Overall, the most frequently occurring data quality gap identified on DH forms was completion of laboratory details (n = 0), followed by physician’s details, which were complete on 762 of the forms examined (76.3%; Table 3). Patient identifiers were available and complete on 968 DH forms (96.9%), and 991 forms (99.2%) had relevant fields for test request completed. The most frequently observed quality gap on BTS forms was completion of physician’s details (n = 349; 32.2%), followed by completion of laboratory details (n = 396; 36.5%) and test request details (n = 522; 48.1%). The least commonly occurring data quality gap on BTS forms was completion of patient identifiers (n = 1043; 96.1%). None of the DH request forms and only 102 BTS forms (9.4%) examined met all of the QIs analysed in this study. The majority of BTS forms (n = 983; 90.6%) met one or more QI requirements.

TABLE 3: Completeness of laboratory request forms submitted to Department of Haematology (n = 999) and Blood Transfusion Services (n = 1085) of Aminu Kano Teaching Hospital, Kano, Nigeria, from October 2014 to December 2014: Analysis based on major quality indicators according to International Federation of Clinical Chemistry - Working Group.19


The study revealed that of the 12 required pieces of information on LRFs from the DH, only three (patient’s name, location within the hospital [ward] and laboratory number) were filled out both completely and correctly for all patients. For LRFs from the BTS, of 18 pieces of required information, only patient name was filled out both completely and correctly for all patients. The most commonly incomplete item on DH forms was the specimen receiver’s signature, whereas for BTS forms, specimen receiver’s signature and doctor’s signature were commonly incomplete.

This study demonstrated that a higher proportion of LRFs from the DH were completed compared with LRFs from the BTS (89.5% for DH vs 81.2% for BTS). These findings are in agreement with a proportion of 84% completion previously reported from a similar study conducted in Ile-Ife, Nigeria.20 However, our finding is in sharp contrast with a proportion of 1.73% for LRF completion reported from a similar study conducted in Lagos, Nigeria.21

In our study, the name of the requesting physician was completed on most DH and BTS forms (90.1% for DH; 88.6% for BTS). Unfortunately, because of the design of the LRF, the contact details of the requesting physician, which may be needed for follow-up, are not requested. Various studies conducted in South Africa have reported comparable (89.6%)22 or a lower (65.2%)15 proportions for missing physician details and contact information. Consultant name was well documented, with complete information on 75% of BTS forms and 85.5% of DH forms. However, these proportions are lower than an Ile-Ife study reporting 96.6% completion of consultant-in-charge information.20 An Australian study reported that 43% of forms lacked complete information; missing items included physician’s name and pager number(s).14 One reason for this variation in our setting may be attributed to work pressure on junior physicians and improper orientation regarding the impact of incomplete LRFs on the quality of patient care. This training is done by senior physicians without collaboration with laboratory professionals. In Nigeria, it is not uncommon for physicians to be reluctant to follow guidance from medical laboratory professionals because of the prevailing power differential between physicians and other health care providers.23 Healthcare workers’ attitudes18,24 toward the completion of LRFs cannot be overlooked, following reports of poor documentation of laboratory processes. In Nigeria, it is common for staff to consider such documentation as unnecessary paperwork and an extra burden.18,24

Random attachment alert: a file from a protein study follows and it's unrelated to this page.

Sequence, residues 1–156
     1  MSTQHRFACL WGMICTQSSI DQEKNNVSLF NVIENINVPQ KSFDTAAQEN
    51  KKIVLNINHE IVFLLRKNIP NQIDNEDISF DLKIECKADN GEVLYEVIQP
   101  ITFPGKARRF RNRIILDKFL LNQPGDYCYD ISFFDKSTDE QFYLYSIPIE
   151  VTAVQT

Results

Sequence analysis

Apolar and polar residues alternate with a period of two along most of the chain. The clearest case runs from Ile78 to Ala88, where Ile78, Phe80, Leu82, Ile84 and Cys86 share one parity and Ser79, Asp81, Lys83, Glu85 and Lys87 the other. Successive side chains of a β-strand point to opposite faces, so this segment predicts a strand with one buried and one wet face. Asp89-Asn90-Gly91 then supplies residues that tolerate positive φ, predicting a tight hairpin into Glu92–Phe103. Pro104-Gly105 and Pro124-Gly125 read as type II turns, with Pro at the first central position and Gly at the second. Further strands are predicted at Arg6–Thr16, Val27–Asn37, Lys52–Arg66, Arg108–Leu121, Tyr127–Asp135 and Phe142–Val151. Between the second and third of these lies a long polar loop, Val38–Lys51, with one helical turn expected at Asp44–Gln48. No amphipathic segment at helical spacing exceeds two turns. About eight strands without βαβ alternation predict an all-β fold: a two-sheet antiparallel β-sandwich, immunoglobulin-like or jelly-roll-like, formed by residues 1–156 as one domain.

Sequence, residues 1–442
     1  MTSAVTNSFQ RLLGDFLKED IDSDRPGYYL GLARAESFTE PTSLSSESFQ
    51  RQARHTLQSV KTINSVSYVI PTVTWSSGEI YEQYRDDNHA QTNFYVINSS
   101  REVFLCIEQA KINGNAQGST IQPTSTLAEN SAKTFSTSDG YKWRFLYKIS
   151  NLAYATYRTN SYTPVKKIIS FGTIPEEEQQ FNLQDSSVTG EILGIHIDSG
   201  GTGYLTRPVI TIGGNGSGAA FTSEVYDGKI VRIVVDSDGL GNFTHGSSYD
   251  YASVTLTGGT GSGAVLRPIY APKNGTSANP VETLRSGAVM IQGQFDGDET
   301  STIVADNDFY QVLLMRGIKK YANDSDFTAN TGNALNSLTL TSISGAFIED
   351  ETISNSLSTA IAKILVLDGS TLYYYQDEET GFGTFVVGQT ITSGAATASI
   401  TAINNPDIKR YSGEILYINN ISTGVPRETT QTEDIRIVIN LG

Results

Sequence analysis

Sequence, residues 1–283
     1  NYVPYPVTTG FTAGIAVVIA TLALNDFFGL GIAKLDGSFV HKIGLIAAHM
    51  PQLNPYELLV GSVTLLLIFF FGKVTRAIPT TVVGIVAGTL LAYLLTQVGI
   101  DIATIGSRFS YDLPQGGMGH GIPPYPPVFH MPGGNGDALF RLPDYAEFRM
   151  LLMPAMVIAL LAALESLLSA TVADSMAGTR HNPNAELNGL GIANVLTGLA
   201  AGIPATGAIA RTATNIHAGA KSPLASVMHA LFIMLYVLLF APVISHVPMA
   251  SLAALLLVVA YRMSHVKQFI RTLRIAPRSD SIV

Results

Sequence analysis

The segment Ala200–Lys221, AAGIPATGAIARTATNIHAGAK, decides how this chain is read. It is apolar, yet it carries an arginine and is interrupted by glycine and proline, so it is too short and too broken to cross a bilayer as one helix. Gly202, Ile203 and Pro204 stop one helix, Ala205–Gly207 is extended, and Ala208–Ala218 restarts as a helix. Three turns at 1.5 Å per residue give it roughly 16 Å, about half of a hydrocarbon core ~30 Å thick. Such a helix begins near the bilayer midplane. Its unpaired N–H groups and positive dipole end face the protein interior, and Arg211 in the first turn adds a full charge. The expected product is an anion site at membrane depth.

Our study reported that 99.8% of DH forms and 80.9% of BTS forms had clinical diagnosis details completed. This is consistent with a similar study conducted in Ile-Ife, Nigeria, which reported 93.2% completion of clinical diagnosis details.20 However, our findings contrast with the 65.9% completion of clinical details reported in Lagos, Nigeria,21 77% completion reported at Nepal University Teaching Hospital25 and 22.7% completion reported at Ghana Tertiary Hospital.13 Furthermore, a study of LRFs conducted in Cape Town, South Africa, reported that 20.8% had no diagnosis information and 25.3% had diagnosis information given in an abbreviated form.15 In an Indian study, diagnosis was not indicated on 61.20% of forms.26 Unfortunately in these cases, critical results found by the laboratory for 17.30% of the patients could not be communicated to them by the physicians because of incomplete forms.26

In our study, about 98% of DH and BTS forms had complete information for patient age and sex, which is comparable to 86.4% completion for age and 99.8% completion for sex reported from the Ile-Ife, Nigeria study.20 Our findings are higher than the Lagos, Nigeria study, which reported 68% completion for patient age,21 as well as the much lower completion reported for patient age (25.6%) and sex (32.7%) in a Ghanaian study.13 Both our report and the Ile-Ife study20 found that the only well-completed parameter on the LRFs was patient information. The design of the request form may itself be a contributing factor to eliciting completion of some desired information, as patient demographic characteristics are displayed prominently at the beginning of each form. However, in addition to patient information, the Lagos study found that the referring physician’s name was the most completed information (99%),21 which is better than our findings of 90.1% for DH forms and 88.6% for BTS forms.

We found that documentation of specimen type was better for DH (99.7%) compared with BTS (92.2%). This is close to the 89.9% reported in the Ile-Ife, Nigeria study.20 However, our finding contrasts with the much lower ~12% reported at the North Indian Neuropsychiatry Institute.26

It is worth noting that only 4.3% of DH forms appropriately captured the signature of the laboratory receptionist. Reception of samples from inpatients is usually in bulk; as such, the receptionist may be overwhelmed with work and therefore not able to individually sign all LRFs. Other contributing factors may be: lack of proper training; and commitment to utilise standard operating procedures and guidelines in the laboratory. More importantly, information on result verification by the laboratory supervisor/manager before release was unavailable, as the LRFs examined in this study did not request this information.